We strolled around the island, taking our time, stopping to look here and there - it took about an hour. We found that there was a vegetable and herb garden in the middle of the island, next to the fresh water well which supplied all the island's needs. On the other side of the island was a small jetty and a boathouse, and an area to moor boats inside the fringing reef. This side of the island was more sheltered from the trade wind - we tended to sunbathe here on the narrow beach.
Back at our room, we realised it was time to make our way to the dining room for lunch. On the way, we passed Esmeralda - said to be the oldest (and biggest) land tortoise in the world. She (or rather he) is about 150 years old, huge, with a beautifully polished shell, and dreams her days away, browsing on tufts of grass. Lunch, like all the meals on Bird, was magnificent. Well-cooked, tasty meals, mostly based around freshly-caught, meaty fish, with fresh salad. Deliciously delicate sweets. Just because we were in the middle of the Indian Ocean, on an island half a mile long, didn't mean that the French owner's cuisine standards were going to be compromised. The bar consisted of a large fishing dinghy on the floor, with a polished counter around it. We sat on bar stools outside the boat, while the barman stood inside the boat mixing cocktails.
In the evenings, we would make our way from our room over the grass to dinner. We had to be careful - there were no lights, so we carried a torch to avoid stepping on the hundreds of Noddies roosting on the grass, and the crabs that emerged at sunset to crawl all over the island.
I said earlier that across the gap between walls and roof was stretched light fishing line, spaced about 30cm apart, to stop birds flying into the room. At least, that was the theory. One night, with the mosquito net draped around our bed, we were lying reading books and savouring a duty-free nightcap. Just about to doze off, suddenly there was a loud twang and a Common Noddy (seagull-sized) crashed into the mosquito net. Sleep-flying (?), it had managed to get between the fishing lines, and was now crashing around the bedroom, terrified, trying to get out.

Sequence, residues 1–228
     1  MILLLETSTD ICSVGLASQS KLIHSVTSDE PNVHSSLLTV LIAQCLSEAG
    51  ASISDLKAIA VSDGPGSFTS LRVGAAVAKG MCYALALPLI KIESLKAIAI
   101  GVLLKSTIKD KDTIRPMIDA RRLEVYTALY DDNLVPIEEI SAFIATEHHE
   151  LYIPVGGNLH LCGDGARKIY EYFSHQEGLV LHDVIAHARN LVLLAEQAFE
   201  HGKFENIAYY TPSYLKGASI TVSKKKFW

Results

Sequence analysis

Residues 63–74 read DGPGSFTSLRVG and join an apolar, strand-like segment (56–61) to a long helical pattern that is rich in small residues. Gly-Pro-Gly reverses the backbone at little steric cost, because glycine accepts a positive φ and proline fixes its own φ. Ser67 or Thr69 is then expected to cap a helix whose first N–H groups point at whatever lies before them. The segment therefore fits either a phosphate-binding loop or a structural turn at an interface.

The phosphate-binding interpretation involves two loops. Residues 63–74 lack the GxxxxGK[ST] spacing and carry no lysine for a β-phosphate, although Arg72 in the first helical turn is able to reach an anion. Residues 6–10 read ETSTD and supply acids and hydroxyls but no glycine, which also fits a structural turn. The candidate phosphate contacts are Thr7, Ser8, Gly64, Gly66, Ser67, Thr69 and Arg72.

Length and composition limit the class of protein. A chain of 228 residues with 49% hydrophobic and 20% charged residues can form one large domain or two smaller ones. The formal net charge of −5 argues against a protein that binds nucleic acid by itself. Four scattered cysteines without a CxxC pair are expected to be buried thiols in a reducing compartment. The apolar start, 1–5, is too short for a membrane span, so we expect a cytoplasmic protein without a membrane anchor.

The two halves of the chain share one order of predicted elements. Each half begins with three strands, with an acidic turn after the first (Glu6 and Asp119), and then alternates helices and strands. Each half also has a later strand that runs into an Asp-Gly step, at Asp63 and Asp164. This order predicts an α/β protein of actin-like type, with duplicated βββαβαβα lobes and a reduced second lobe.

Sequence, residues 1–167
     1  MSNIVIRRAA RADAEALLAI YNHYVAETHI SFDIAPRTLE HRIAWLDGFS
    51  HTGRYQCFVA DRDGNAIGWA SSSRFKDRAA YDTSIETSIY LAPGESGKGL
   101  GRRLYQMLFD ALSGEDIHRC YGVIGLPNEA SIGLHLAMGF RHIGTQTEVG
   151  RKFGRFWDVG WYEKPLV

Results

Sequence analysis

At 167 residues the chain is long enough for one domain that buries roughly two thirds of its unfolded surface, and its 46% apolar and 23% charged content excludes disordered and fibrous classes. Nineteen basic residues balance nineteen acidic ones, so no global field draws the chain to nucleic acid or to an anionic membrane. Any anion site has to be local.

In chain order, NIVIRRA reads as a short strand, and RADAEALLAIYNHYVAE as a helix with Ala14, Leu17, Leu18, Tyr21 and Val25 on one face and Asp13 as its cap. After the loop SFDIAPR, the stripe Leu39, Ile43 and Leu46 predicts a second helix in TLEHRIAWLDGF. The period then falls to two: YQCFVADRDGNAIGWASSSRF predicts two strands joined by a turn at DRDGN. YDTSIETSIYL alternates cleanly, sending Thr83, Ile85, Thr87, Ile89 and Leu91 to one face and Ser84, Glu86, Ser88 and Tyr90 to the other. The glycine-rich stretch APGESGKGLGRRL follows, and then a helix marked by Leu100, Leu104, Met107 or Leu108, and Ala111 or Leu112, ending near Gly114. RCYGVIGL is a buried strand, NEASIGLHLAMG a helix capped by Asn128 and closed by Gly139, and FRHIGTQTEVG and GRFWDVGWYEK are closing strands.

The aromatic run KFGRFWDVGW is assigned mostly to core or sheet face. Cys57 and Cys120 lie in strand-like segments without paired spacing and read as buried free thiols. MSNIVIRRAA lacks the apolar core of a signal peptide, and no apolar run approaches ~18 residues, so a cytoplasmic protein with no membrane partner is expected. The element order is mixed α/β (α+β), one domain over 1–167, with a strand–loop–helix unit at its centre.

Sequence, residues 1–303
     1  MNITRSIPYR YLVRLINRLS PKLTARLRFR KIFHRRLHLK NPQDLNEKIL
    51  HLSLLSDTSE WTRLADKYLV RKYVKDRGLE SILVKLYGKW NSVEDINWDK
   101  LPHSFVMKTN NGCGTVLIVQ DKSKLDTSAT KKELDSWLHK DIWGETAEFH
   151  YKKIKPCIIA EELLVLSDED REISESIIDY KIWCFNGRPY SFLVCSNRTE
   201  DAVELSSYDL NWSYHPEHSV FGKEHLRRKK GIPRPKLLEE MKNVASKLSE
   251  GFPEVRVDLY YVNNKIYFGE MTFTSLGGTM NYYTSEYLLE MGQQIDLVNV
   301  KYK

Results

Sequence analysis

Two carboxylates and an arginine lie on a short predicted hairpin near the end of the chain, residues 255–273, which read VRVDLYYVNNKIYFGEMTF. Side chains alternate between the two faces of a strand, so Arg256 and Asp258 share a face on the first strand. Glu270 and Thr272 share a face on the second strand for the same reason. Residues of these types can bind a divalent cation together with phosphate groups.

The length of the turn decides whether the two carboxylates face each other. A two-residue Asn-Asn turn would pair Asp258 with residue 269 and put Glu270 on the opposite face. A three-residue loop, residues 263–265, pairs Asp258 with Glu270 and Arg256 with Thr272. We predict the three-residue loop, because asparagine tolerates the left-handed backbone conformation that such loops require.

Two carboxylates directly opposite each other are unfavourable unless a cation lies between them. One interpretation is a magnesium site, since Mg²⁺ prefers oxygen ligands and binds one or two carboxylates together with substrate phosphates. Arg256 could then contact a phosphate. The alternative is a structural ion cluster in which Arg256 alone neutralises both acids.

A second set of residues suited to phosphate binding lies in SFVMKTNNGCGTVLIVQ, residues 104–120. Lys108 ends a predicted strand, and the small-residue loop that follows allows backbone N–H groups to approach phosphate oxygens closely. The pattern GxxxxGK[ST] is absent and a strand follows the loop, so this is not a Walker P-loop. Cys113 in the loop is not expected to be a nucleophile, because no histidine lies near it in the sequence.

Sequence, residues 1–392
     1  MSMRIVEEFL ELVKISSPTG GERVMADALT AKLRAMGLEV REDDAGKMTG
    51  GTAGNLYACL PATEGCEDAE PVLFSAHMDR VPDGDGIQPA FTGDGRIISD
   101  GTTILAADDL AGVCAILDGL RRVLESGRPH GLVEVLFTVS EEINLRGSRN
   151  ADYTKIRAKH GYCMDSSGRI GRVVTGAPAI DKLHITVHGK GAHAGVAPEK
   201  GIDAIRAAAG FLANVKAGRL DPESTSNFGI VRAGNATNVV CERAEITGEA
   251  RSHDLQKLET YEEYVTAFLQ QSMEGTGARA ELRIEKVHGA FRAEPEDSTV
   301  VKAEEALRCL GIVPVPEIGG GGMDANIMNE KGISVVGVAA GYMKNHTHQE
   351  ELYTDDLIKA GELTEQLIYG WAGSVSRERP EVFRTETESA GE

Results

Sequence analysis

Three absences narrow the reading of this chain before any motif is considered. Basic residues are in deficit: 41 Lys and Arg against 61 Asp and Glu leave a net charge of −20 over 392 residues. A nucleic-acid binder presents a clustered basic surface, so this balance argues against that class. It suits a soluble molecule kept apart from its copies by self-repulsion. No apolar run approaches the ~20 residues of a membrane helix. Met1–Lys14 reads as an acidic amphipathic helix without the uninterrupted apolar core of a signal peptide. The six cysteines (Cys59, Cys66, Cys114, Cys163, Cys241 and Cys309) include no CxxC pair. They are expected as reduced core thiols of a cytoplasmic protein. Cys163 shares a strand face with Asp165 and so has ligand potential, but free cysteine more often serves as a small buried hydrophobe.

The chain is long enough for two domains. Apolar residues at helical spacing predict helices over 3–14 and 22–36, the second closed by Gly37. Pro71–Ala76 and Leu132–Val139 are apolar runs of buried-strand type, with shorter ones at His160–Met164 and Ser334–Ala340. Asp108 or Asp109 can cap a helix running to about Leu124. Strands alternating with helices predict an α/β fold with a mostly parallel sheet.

Suddenly wide awake, I shot out from under the net in pursuit. The poor bird took one look at me (I don't own pyjamas), and rose into the air squawking. Eventually I grabbed it, folded its wings carefully, opened the door, and threw it out into the darkness. Unfortunately, its instinct when threatened, was to fly upwards as rapidly as possible. Once again, there was a loud twang as the bird crashed between the fishing lines, and landed back in our room. I once again pursued it around the room, trapped it in the bathroom, and threw it out of the bathroom door. Its instincts once more took over, there was another loud twang, and it was again hanging onto to the mosquito net flapping wildly. Linda squealed. I pursued the bird round the bed, and clearly feeling threatened, it regurgitated a semi-digested fish onto the shelf behind the bed to try and distract me. Once more I grabbed the bird, and this time I made sure that I threw it well away from under the roof. It disappeared, hungry and scared, into the dark. I got rid of the fish, and returned to bed. It's a macho life on Bird Island.....
Even though there's nothing to do apart from wrestle with noddies, the days passed quickly on Bird. Soon, alas, it was time to leave, and we boarded the Islander back to Mahe, and another overnight stay at the Reef Hotel. The following morning we went back to domestic departures for our flight to Denis Island.